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Inferring clonal structure in HTLV-1-infected individuals: towards bridging the gap between analysis and visualization

Overview of attention for article published in Human Genomics, July 2017
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Title
Inferring clonal structure in HTLV-1-infected individuals: towards bridging the gap between analysis and visualization
Published in
Human Genomics, July 2017
DOI 10.1186/s40246-017-0112-8
Pubmed ID
Authors

Amir Farmanbar, Sanaz Firouzi, Wojciech Makałowski, Masako Iwanaga, Kaoru Uchimaru, Atae Utsunomiya, Toshiki Watanabe, Kenta Nakai

Abstract

Human T cell leukemia virus type 1 (HTLV-1) causes adult T cell leukemia (ATL) in a proportion of infected individuals after a long latency period. Development of ATL is a multistep clonal process that can be investigated by monitoring the clonal expansion of HTLV-1-infected cells by isolation of provirus integration sites. The clonal composition (size, number, and combinations of clones) during the latency period in a given infected individual has not been clearly elucidated. We used high-throughput sequencing technology coupled with a tag system for isolating integration sites and measuring clone sizes from 60 clinical samples. We assessed the role of clonality and clone size dynamics in ATL onset by modeling data from high-throughput monitoring of HTLV-1 integration sites using single- and multiple-time-point samples. From four size categories analyzed, we found that big clones (B; 513-2048 infected cells) and very big clones (VB; >2048 infected cells) had prognostic value. No sample harbored two or more VB clones or three or more B clones. We examined the role of clone size, clone combination, and the number of integration sites in the prognosis of infected individuals. We found a moderate reverse correlation between the total number of clones and the size of the largest clone. We devised a data-driven model that allows intuitive representation of clonal composition. This integration site-based clonality tree model represents the complexity of clonality and provides a global view of clonality data that facilitates the analysis, interpretation, understanding, and visualization of the behavior of clones on inter- and intra-individual scales. It is fully data-driven, intuitively depicts the clonality patterns of HTLV-1-infected individuals and can assist in early risk assessment of ATL onset by reflecting the prognosis of infected individuals. This model should assist in assimilating information on clonal composition and understanding clonal expansion in HTLV-1-infected individuals.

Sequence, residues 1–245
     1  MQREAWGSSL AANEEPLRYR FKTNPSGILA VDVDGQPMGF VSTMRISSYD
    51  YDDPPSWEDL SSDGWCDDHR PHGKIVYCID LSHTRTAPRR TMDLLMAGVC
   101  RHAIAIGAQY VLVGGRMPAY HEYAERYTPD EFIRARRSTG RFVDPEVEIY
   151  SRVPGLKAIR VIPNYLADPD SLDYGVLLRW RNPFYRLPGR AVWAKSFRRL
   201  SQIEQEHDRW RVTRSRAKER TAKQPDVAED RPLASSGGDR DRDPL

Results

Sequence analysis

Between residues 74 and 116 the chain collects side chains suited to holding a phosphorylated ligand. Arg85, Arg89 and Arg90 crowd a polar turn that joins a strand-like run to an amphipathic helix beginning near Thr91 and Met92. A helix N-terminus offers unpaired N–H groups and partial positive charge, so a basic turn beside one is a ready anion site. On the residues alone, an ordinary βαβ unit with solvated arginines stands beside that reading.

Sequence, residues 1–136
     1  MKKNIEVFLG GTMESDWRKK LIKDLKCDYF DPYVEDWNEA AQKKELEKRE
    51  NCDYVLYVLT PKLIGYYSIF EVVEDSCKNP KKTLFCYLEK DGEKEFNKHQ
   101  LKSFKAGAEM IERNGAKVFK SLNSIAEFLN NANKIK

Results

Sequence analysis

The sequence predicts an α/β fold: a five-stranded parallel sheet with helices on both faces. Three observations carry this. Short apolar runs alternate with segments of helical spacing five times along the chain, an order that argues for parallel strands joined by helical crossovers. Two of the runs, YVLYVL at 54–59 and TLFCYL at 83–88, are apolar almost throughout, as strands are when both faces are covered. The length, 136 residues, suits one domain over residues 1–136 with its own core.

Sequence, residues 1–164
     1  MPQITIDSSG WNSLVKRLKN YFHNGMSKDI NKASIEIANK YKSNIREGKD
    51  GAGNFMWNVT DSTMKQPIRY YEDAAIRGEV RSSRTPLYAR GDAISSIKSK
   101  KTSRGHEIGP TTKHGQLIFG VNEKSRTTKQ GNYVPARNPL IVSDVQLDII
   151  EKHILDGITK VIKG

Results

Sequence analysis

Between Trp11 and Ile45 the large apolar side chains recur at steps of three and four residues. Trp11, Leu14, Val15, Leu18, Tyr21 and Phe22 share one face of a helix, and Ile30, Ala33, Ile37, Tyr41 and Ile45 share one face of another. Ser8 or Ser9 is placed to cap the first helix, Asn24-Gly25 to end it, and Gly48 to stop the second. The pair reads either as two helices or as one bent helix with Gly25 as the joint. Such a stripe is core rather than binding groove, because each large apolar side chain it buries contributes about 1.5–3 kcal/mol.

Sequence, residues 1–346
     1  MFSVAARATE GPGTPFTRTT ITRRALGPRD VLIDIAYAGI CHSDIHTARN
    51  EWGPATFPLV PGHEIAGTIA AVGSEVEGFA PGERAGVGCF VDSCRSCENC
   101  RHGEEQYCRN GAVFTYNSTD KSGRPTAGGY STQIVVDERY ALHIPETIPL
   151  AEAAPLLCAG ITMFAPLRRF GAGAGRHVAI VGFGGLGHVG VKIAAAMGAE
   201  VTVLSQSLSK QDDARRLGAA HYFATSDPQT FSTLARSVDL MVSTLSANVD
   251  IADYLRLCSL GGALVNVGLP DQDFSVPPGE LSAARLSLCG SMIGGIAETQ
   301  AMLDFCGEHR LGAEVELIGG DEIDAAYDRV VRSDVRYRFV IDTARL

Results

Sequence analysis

Twitter Demographics

The data shown below were collected from the profile of 1 tweeter who shared this research output. Click here to find out more about how the information was compiled.

Mendeley readers

The data shown below were compiled from readership statistics for 12 Mendeley readers of this research output. Click here to see the associated Mendeley record.

Geographical breakdown

Country Count As %
Unknown 12 100%

Demographic breakdown

Readers by professional status Count As %
Professor 3 25%
Student > Bachelor 2 17%
Student > Ph. D. Student 1 8%
Other 1 8%
Student > Master 1 8%
Other 3 25%
Unknown 1 8%
Readers by discipline Count As %
Biochemistry, Genetics and Molecular Biology 3 25%
Engineering 3 25%
Immunology and Microbiology 2 17%
Medicine and Dentistry 2 17%
Computer Science 1 8%
Other 0 0%
Unknown 1 8%

Attention Score in Context

This research output has an Altmetric Attention Score of 1. This is our high-level measure of the quality and quantity of online attention that it has received. This Attention Score, as well as the ranking and number of research outputs shown below, was calculated when the research output was last mentioned on 17 March 2020.
All research outputs
#9,710,535
of 15,257,867 outputs
Outputs from Human Genomics
#206
of 301 outputs
Outputs of similar age
#162,432
of 279,242 outputs
Outputs of similar age from Human Genomics
#2
of 3 outputs
Altmetric has tracked 15,257,867 research outputs across all sources so far. This one is in the 23rd percentile – i.e., 23% of other outputs scored the same or lower than it.
So far Altmetric has tracked 301 research outputs from this source. They typically receive a little more attention than average, with a mean Attention Score of 6.6. This one is in the 23rd percentile – i.e., 23% of its peers scored the same or lower than it.
Older research outputs will score higher simply because they've had more time to accumulate mentions. To account for age we can compare this Altmetric Attention Score to the 279,242 tracked outputs that were published within six weeks on either side of this one in any source. This one is in the 32nd percentile – i.e., 32% of its contemporaries scored the same or lower than it.
We're also able to compare this research output to 3 others from the same source and published within six weeks on either side of this one.